Hundreds of thousands of people risk losing subsidized health insurance if they don't resubmit immigration information by the end of next week, but many have been unable to comply because of glitches with healthcare.gov. Other stories look at the millions spent on healthcare.gov and at exchange developments in Connecticut, Oregon and Washington.
USA Today: Consumers Deal With Insurance Deadline, Site Glitches
Hundreds of thousands of people risk losing their new health insurance policies if they don't resubmit citizenship or immigration information to the government by the end of next week -- but the federal Healthcare.gov site remains so glitchy that they are having a tough time complying. Consumers are being forced to send their information multiple times, and many can't access their accounts at all, immigration law experts and insurance agents say (O'Donnell, 8/28).
The Washington Post: How You End Up Spending $800 Million On Healthcare.Gov
Signed into law by President Obama on March 23, 2010, the Affordable Care Act has proven to be its own kind of jobs act, especially when it comes to the Washington-area IT community. When, in several places, the bill called for the creation of an "Internet website" to allow Americans to find and sign up for new health insurance coverage, it opened the tap on hundreds of millions of dollars that would eventually go to creating healthcare.gov's front end and back end, as well as a small universe of accompanying digital sites. On Wednesday, the office of Daniel Levinson, the inspector general of the Department of Health and Human Services, put out a report detailing the dozens of contracts that went into building out the Federal Marketplace project. And a look at each in the disaggregate paints a picture of an effort far more sweeping than even that suggested by the half-billion dollars the federal government has already paid out to implement the digital side of the health insurance law (Scola, 8/27).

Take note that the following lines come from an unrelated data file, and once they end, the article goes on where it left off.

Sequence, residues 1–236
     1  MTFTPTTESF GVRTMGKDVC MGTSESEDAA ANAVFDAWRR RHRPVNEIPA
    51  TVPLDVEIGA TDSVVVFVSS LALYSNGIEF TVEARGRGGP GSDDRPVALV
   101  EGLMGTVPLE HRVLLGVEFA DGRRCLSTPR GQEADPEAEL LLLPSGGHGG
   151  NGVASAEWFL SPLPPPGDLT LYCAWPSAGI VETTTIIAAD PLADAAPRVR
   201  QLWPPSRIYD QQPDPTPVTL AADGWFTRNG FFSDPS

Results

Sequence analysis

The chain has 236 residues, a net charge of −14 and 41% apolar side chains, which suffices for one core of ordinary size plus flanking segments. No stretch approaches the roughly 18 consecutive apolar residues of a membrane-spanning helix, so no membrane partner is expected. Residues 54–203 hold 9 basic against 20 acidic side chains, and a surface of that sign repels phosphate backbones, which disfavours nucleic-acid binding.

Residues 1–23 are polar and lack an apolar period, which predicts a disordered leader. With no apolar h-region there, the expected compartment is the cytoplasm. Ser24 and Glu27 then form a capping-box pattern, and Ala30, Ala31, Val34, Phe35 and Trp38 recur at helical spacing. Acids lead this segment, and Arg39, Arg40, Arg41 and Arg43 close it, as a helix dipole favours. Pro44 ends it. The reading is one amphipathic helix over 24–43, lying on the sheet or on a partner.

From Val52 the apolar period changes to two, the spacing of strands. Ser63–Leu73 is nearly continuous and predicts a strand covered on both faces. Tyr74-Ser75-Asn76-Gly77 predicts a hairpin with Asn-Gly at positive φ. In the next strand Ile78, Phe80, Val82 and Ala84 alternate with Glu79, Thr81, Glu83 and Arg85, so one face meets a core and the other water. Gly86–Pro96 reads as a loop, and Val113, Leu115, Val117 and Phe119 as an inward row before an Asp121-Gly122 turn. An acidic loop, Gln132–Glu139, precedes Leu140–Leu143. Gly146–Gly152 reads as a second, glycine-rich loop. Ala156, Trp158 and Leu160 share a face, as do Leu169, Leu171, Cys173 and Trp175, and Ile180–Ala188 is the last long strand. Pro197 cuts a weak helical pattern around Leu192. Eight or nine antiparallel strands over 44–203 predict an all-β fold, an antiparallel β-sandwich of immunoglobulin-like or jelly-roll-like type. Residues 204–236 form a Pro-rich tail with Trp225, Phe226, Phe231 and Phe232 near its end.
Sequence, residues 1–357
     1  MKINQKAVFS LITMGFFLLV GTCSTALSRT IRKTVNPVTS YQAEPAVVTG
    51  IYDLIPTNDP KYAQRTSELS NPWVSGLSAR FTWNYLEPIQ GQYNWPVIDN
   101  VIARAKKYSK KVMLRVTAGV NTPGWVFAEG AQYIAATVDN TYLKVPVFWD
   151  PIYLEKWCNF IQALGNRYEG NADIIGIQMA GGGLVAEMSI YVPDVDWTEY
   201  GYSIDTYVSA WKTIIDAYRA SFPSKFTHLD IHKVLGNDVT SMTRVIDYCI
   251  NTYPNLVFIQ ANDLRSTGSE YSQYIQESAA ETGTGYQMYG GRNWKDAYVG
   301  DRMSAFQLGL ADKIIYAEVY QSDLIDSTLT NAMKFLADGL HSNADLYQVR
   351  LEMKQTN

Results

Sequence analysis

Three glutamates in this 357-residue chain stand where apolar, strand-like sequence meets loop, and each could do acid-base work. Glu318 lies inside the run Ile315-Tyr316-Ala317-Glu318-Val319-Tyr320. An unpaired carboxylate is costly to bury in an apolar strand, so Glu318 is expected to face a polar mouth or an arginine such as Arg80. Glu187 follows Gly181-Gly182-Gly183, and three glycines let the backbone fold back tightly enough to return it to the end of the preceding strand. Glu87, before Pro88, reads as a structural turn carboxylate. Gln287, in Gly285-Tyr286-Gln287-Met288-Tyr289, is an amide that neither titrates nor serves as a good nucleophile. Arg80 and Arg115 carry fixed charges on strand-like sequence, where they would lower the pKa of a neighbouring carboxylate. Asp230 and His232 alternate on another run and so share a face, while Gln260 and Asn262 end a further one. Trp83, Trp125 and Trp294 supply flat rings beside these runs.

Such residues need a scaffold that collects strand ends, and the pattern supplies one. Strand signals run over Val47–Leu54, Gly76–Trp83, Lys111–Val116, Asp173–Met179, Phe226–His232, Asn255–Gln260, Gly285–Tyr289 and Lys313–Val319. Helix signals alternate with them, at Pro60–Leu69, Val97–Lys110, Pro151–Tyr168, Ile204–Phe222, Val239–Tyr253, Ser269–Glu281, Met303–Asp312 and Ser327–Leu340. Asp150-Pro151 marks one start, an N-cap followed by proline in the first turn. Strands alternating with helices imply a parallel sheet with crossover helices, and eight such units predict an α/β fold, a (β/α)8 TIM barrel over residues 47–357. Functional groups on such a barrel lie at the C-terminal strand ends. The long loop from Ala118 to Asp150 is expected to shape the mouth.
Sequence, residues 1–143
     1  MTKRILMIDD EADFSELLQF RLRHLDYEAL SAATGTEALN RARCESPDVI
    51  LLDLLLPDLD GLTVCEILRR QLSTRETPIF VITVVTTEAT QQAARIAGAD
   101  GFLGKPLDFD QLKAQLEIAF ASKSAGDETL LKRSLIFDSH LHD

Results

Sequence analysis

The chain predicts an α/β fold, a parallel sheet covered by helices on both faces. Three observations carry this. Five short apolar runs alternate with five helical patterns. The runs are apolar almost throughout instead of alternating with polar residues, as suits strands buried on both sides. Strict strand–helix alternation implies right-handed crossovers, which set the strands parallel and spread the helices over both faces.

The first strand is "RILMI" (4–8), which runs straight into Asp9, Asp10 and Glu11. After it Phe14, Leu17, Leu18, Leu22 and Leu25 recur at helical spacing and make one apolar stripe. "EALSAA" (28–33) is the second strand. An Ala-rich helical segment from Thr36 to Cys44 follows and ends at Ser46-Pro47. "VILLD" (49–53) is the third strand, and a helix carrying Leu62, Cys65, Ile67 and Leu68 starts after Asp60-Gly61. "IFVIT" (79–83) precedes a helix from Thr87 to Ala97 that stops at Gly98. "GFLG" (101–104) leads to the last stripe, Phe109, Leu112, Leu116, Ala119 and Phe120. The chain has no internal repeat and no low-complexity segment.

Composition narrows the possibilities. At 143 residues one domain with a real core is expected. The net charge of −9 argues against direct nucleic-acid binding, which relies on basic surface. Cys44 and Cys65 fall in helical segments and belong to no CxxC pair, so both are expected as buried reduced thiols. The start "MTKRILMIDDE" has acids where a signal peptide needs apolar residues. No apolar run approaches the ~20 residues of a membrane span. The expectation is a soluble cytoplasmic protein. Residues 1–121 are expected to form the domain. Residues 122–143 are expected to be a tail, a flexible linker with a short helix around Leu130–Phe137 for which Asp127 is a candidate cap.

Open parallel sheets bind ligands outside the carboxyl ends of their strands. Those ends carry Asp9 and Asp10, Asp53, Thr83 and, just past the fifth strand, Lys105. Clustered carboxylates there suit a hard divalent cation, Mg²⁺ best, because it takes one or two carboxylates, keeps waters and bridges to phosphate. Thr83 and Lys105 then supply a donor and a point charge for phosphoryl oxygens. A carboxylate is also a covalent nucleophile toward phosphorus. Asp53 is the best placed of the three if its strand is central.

Connecticut Mirror: Access Health CT's IT Chief To Lead Agency As Interim Boss
Jim Wadleigh, the top information technology official at Connecticut's health insurance exchange, will lead the agency on an interim basis after chief executive Kevin Counihan leaves for a top federal job next week. The exchange''s board plans to conduct a national search to replace Counihan, but it's anticipated to take months. That means Wadleigh will be leading the agency, Access Health CT, at the start of the next open enrollment period for private health insurance, which begins Nov. 15 (Levin Becker, 8/27).
The Seattle Times: State To Offer More Health-Insurance Choices Next Year
Ninety individual health plans sold by 10 insurers will likely make their way into Washington's exchange marketplace for 2015, if the Washington Health Benefit Exchange board approves them Thursday, as expected. The Office of the Insurance Commissioner (OIC) also approved two insurers' exchange plans for small businesses, including the first to sell small-business plans statewide in Washington: Moda Health Plan (Ostrom, 8/27).
Oregonian: Cover Oregon Needs Oracle's Help To Avoid Delays In Federal Health Exchange Transition
A key portion of the work under way on the troubled Cover Oregon health exchange project -- that affecting people enrolling for the state's Medicaid program -- may not be ready as planned when the new federally-assisted exchange "goes live" in November, The Oregonian has learned. And it appears that Oregon's legal dispute with Oracle America over the exchange is not helping the matter. The new obstacles involve Oracle, which highlights an uneasy reality. Despite having accused the California software giant of lies, poor work and fraud in court, the state still needs Oracle's help (Budnick, 8/28).
This article was reprinted from kaiserhealthnews.org with permission from the Henry J. Kaiser Family Foundation. Kaiser Health News, an editorially independent news service, is a program of the Kaiser Family Foundation, a nonpartisan health care policy research organization unaffiliated with Kaiser Permanente.